You're right to be concerned about that. I don't suppose that there is much documentation that could counter that concern, unless possibly a bank statement showing enough money to live on for 5 or 6 months without working.

Does Border Control keep a record of interactions...?

Yes. They might not have recorded it, but you should assume that they did. They admitted you afterward, so they didn't find that you were deceptive to the point of being inadmissible, but you should be careful, as the record (if it exists) could raise suspicions during subsequent interviews.

Therefore I don't have a stamp in any passport that shows the date I left the US. Should my airline ticket and proof of boarding be enough or is there something else I can bring?

You can. There's a real possibility that they did not record your exit because you used your Portuguese passport to check in for your departure flight. (That is not illegal, it's just a possible administrative headache.) You can try checking your records at the I-94 site; if the departure is there then you know you don't need to worry. If it isn't there, you can bring your boarding passes and perhaps a receipt or any other evidence showing your presence in Portugal shortly after your arrival.

I suppose that the last point is likely to be the least of your worries, however. The possibility that you would teach remotely while in the US would be more likely to lead to your being turned away.

Some people may advise you of potential problems from staying for 5 months after claiming a 40-day visit. The UK is notorious for taking a dim view of such circumstances, but I haven't heard of this being a problem with US CBP. This is especially likely to be true during the current public health crisis. The policy of giving all B-1 and B-2 visitors six months is precisely to reduce the administrative burden of having to process extension-of-stay applications from people when their plans change. (Canadian citizens who enter without a visa are nonetheless categorized using the same immigration categories, so a Canadian "visitor for pleasure" is still in B-2 status even though there is no B-2 visa.)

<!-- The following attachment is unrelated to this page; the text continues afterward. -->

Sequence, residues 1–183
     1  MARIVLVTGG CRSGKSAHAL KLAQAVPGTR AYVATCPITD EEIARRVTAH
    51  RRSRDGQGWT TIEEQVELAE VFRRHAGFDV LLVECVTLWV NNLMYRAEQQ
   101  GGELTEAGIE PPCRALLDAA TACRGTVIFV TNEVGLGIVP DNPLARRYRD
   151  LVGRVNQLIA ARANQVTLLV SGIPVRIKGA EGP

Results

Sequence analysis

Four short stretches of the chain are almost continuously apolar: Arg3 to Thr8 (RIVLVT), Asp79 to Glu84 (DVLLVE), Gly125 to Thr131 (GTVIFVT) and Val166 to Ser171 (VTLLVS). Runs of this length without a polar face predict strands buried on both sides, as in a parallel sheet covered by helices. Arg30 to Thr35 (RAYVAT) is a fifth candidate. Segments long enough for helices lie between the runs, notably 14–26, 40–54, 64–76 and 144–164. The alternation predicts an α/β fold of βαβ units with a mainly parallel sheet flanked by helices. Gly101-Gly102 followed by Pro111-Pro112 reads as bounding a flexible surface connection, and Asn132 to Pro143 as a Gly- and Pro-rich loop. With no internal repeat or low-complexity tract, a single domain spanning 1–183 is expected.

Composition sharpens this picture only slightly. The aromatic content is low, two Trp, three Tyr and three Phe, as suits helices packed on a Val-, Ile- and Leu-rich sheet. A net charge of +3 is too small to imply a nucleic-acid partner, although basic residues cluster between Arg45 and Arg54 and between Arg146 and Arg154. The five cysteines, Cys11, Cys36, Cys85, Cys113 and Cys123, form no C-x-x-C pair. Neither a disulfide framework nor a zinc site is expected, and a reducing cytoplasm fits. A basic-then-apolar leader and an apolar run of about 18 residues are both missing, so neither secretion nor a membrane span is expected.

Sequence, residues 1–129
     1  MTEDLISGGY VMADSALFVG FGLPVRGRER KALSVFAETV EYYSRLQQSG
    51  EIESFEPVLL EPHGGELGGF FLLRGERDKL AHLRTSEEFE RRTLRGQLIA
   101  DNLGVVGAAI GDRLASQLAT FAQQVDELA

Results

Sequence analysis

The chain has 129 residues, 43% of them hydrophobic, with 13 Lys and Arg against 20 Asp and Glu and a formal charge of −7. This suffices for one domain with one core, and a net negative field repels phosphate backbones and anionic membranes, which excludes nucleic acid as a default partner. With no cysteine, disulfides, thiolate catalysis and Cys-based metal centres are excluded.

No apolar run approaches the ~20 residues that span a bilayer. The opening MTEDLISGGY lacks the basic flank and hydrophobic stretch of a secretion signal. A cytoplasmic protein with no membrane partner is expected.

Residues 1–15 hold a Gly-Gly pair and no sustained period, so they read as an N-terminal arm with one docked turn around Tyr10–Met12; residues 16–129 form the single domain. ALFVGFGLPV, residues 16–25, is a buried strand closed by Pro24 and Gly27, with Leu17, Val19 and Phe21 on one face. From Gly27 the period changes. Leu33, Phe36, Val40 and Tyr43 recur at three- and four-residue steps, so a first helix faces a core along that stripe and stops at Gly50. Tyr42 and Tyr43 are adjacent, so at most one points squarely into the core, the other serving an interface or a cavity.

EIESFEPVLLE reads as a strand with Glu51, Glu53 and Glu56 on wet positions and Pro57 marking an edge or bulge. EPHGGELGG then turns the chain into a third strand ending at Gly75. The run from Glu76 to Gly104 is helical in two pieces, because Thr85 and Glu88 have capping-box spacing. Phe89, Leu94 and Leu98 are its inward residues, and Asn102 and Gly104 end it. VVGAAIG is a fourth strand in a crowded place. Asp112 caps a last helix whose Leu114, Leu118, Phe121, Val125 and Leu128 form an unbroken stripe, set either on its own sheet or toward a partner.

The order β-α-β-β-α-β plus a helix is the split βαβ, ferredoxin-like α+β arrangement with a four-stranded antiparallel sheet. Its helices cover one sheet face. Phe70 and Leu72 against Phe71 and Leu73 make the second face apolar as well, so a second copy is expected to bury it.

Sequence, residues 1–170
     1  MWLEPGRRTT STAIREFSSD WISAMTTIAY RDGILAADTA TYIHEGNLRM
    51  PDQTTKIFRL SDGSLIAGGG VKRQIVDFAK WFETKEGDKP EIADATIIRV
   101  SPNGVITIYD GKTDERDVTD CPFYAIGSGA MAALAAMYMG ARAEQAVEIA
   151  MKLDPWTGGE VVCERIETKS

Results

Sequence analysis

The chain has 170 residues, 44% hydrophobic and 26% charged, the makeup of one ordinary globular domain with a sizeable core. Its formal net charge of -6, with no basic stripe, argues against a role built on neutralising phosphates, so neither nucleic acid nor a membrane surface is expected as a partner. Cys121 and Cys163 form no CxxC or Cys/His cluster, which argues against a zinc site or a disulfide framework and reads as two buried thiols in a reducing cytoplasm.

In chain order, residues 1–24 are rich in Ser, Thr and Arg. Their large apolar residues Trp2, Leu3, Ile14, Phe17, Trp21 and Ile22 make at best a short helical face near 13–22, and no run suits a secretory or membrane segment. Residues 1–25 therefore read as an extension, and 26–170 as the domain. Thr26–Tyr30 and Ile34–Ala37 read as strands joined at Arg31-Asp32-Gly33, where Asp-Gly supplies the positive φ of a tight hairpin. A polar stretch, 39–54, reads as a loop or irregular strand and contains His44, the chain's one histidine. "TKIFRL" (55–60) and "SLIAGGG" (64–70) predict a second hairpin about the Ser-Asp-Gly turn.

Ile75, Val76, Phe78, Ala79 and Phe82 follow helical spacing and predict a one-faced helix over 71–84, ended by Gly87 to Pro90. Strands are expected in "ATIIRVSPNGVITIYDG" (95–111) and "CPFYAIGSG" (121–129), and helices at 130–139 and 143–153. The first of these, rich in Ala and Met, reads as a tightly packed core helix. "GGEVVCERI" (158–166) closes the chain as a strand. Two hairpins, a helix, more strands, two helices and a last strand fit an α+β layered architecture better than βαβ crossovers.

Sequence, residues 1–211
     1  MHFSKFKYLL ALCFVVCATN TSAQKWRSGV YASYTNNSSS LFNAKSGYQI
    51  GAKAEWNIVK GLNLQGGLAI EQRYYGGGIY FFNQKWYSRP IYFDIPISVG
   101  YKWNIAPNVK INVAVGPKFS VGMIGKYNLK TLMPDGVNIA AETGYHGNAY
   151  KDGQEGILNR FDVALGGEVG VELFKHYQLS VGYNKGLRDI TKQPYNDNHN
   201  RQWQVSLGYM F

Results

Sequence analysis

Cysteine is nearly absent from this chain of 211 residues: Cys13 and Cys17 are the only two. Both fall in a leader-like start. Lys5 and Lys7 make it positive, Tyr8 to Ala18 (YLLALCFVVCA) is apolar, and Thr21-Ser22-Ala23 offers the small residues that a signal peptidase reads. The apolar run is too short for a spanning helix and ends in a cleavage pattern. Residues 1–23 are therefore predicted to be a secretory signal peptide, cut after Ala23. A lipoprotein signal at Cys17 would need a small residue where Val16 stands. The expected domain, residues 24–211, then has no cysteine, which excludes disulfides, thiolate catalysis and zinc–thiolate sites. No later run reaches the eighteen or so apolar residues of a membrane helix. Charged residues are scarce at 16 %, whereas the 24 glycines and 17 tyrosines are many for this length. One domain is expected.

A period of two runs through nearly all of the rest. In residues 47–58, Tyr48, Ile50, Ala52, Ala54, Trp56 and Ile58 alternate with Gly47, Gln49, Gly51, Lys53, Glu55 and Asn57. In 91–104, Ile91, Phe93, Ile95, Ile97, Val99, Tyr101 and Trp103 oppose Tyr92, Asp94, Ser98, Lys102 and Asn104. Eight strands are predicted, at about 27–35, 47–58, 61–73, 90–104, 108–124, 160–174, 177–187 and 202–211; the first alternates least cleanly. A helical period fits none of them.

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  • Yeah, my departure isn't there so I will make sure to bring lots of evidence that I returned to Portugal. Any ideas on how to prove that I'm employed in Portugal/won't be working remotely in the US, apart from a bank statement? – Santos Santos Feb 13 at 20:32
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    @SantosSantos I suppose your best bet is to document all of the money you have plus all of the money you will receive while in the US from sources that can't be connected to working in the US (vacation pay or unemployment pay from a job in Portugal, perhaps, though it sounds like you may not have that). I don't have much experience with this sort of thing personally, and I am most familiar with the way the UK approaches this, not so much with the US. – phoog Feb 13 at 20:38
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    @Santos Santos How long a trip are you planning? Does the majority of your income come from your work as a musician or from the lessons? Do you have work as a musician booked for after your intended return to Portugal? – Traveller Feb 13 at 20:43
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    @SantosSantos So you came to the US last July, planning to stay 40 days but staying five months, and you now a short time later, you plan to return for 90 days? I can't predict what will happen obviously, but I know that spending more time in the US than out is a significant red flag, and that's magnified if you can't demonstrate strong ties to your home like a job to return to. I'd say you're right to be worried about entry being denied, yes. – Zach Lipton Feb 14 at 2:04
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    @ZachLipton I should have clarified. I will be waiting 6 months (2 have already passed) before going again. Even though Canadians don't need to do so to return to the US, I'm aware returning sooner wouldn't help my chances. – Santos Santos Feb 14 at 11:32